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Fitbit may soon add snoring detection to its devices

Fitbit

Fitbit may soon add snoring and noise detection to its products, which will likely please snoring spouses and partners and may be of interest to people who believe snoring could be a sign of health problems.

According to a Google report, the latest version of the Fitbit app on Google’s Play Store is able to detect ambient noise (that includes potential snoring), using its microphone.

The sleep tracker will not only drain the battery quickly, but the concept of an “overnight” sleep tracker monitoring noise as outlined in the release notes is scary.

Described in the 9to5 Google report as Snore & Noise Detect, it monitors snoring as well as noise from you or someone next to you.

Fitbit
Fitbit

Using noise analysis, it attempts to find specific snoring sounds. When Fitbit detects a noise event that exceeds the baseline level of noise, it attempts to determine whether it is snoring or not.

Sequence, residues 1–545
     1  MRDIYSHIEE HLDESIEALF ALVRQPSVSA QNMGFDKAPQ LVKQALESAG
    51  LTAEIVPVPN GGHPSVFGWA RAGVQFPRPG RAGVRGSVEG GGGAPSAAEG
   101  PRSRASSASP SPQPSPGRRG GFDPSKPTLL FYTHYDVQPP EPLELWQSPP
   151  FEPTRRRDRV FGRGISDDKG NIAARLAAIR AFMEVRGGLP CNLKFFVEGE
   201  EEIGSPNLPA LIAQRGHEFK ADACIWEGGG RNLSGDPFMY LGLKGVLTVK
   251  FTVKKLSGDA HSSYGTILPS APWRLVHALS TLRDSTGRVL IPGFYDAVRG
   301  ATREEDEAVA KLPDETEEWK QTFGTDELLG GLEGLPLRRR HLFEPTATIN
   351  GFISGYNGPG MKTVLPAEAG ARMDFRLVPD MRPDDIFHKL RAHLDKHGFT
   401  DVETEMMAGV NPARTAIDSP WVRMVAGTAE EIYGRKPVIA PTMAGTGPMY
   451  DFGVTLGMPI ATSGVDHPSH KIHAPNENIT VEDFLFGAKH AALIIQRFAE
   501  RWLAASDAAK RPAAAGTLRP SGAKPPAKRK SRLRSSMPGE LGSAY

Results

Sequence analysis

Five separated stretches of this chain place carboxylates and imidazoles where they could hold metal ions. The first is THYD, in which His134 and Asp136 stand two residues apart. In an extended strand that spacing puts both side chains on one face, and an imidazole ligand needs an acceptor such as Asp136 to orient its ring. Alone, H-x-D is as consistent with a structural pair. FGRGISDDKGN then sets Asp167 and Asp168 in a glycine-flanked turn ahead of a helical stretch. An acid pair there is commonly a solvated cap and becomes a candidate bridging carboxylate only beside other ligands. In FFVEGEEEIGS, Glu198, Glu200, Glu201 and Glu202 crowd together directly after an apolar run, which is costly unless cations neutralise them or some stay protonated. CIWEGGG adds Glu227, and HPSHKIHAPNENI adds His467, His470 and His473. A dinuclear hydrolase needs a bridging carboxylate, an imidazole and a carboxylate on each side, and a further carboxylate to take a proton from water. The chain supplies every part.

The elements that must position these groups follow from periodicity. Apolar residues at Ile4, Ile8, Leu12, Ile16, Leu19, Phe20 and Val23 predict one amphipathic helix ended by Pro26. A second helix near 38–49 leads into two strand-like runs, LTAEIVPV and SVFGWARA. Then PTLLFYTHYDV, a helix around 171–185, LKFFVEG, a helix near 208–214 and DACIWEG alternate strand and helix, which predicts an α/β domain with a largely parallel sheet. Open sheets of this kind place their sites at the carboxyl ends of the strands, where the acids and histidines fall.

It is clear from the snore tracker that it cannot tell who is snoring; the Fitbit wearer or someone in the bedroom. According to the release notes, users are advised not to play white noise or other ambient sounds in the bedroom that might interfere with snoring detection, and should charge their Fitbit at least 40 percent before going to sleep since “this feature requires more frequent charging.”

There are no instructions for the use of snoring information, but because snoring and the conditions it causes can severely disrupt sleep, it is a useful metric to be aware of.

According to 9to5 Google, Fitbit is also planning to include “Sleep Animals” which will appear as a separate feature. Although it is much further away from being launched than the snore detector, there are still signs.

It seems that a particular sleeping style is associated with a particular animal – but again, it isn’t entirely clear what users will do with the information, or how animal images will be displayed in the app.

According to the report, a restless sleeper would be a bear, a small sleeper would be a hummingbird, a solid sleeper would be a turtle, etc.

Currently, snoring and noise detection are not available to all users, and while 9to5 enabled the feature long enough for Google to set it up, it was not able to fully test it. In response to a request for comment on Saturday, Fitbit did not respond immediately.

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